How to Identify Polybutylene

Tiana Mortimer

From the mid-1970s to the mid-1990s, millions of homes were built using polybutylene pipes for plumbing instead of standard copper.

Flexible polybutylene pipe that needs replacement.

Polybutylene is a plastic resin material that was used for plumbing pipes because it was cheap, flexible, freeze-resistant and easily held together with a variety of epoxies and metal and plastic plumbing fittings. Unfortunately, the polybutylene pipes started to fail in many homes due to the oxidants in public water supplies such as fluoride and chlorine. These oxidants caused the polybutylene to deteriorate from the inside out, resulting in water leaks and burst pipes. Knowing how to identify polybutylene pipes is important, particularly if you are interested in purchasing an older home.

  1. Identify polybutylene by its color. Blue, silvery gray and black pipes were common in 1/2 inch to 1 inch diameters. Blue pipes were used outdoors for primarily cold water, but the silvery gray and black were used interchangeably for both outdoor and indoor uses.

  2. Check any suspected polybutylene pipes for identifiable stamping on the flexible, plastic material. Most polybutylene pipes had the letters "PB" and a string of numbers imprinted on them. The most common imprint was "PB2110."

  3. Locate prime areas where polybutylene pipes were most often used. Outdoors, these pipes were often found near the main water shut-off valve, at the water meter and entering the home through the basement, concrete slab or crawl space. Indoors, polybutylene was used in the walls and basement ceilings, feeding to sinks, bathtubs and toilets, and could also be found near water heaters.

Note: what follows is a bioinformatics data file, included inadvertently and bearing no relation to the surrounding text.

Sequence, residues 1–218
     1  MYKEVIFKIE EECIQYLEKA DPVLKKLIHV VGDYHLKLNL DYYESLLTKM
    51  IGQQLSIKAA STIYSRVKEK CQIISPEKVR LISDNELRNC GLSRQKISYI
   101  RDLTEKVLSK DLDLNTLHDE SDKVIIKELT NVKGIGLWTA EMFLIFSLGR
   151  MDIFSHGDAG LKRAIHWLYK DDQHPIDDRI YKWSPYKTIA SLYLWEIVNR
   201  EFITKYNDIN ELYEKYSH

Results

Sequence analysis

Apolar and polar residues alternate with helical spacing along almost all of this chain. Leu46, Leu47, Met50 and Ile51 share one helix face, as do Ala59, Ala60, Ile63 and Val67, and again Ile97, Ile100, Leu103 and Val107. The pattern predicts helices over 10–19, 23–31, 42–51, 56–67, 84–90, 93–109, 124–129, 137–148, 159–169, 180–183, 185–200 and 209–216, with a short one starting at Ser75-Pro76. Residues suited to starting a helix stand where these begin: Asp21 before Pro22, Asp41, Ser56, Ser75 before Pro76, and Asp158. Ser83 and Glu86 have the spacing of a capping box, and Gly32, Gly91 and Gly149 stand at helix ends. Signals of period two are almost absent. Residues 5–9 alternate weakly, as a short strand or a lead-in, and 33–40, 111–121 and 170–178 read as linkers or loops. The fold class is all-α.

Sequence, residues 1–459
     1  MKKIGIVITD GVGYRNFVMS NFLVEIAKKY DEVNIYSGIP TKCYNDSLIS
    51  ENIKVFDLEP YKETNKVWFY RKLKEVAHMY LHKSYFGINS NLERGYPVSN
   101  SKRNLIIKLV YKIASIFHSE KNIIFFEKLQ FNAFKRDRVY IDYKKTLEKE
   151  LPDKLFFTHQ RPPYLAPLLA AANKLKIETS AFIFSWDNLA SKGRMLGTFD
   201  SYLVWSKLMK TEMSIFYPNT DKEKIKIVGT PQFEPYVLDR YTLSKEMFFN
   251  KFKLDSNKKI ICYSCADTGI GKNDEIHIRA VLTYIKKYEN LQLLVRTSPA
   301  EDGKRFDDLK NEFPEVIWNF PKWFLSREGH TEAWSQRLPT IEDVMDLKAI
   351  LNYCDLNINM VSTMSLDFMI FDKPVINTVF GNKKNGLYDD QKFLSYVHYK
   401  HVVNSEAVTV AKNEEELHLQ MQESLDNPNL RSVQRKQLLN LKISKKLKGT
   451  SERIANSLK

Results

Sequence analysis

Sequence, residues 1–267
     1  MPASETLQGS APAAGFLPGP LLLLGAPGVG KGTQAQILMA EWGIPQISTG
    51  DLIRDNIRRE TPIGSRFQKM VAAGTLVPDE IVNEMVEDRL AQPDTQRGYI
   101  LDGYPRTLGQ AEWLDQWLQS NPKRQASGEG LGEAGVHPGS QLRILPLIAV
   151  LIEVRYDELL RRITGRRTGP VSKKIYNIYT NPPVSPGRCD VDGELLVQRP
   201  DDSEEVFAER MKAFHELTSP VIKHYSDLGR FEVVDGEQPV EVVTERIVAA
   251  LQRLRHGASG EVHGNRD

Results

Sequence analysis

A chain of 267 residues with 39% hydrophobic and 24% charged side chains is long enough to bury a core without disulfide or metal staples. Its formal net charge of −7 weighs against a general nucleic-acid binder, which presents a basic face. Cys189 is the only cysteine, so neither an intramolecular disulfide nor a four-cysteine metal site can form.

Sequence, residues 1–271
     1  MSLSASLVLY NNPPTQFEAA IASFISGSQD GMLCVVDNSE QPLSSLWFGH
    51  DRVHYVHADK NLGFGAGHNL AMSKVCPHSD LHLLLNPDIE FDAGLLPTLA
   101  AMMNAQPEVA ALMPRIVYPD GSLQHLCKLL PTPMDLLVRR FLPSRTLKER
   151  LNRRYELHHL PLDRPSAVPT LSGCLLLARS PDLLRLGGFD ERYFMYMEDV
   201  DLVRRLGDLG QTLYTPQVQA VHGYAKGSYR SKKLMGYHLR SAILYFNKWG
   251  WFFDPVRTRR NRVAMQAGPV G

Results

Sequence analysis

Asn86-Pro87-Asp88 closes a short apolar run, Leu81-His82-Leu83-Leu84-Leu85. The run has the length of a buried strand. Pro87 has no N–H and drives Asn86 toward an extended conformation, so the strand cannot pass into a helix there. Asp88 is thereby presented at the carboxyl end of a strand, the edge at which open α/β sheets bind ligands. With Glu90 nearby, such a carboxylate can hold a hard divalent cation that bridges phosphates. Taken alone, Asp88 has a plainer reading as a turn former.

4. Remove panels under sinks and behind showers, tubs and toilets to expose the plumbing pipes. Sometimes plumbers employed copper or galvanized steel pipe and fittings from the wall to a plumbing fixture but connected to polybutylene pipes behind the walls.

  5. Look for copper, aluminum or brass crimp fittings used to link pieces of polybutylene pipes to plumbing joints and fittings. Acetal fittings, a plastic resin often gray or white in color, were also used. The presence of these pipe fittings increases the likelihood that the plumbing pipes are polybutylene.

  6. Tip

    Polybutylene was used for potable water only. Therefore, you do not have to inspect pipes used for waste, venting or draining. Hire an inspector to look for polybutylene pipes before purchasing a home built in the mid-1970s to mid-1990s. The presence of polybutylene could be grounds for a lower purchase price or the requirement of plumbing pipe replacement.


    Many insurance companies will not underwrite a policy to protect your home if polybutylene pipes are in use. Have the home inspected before you buy or you could be stuck with an uninsurable home.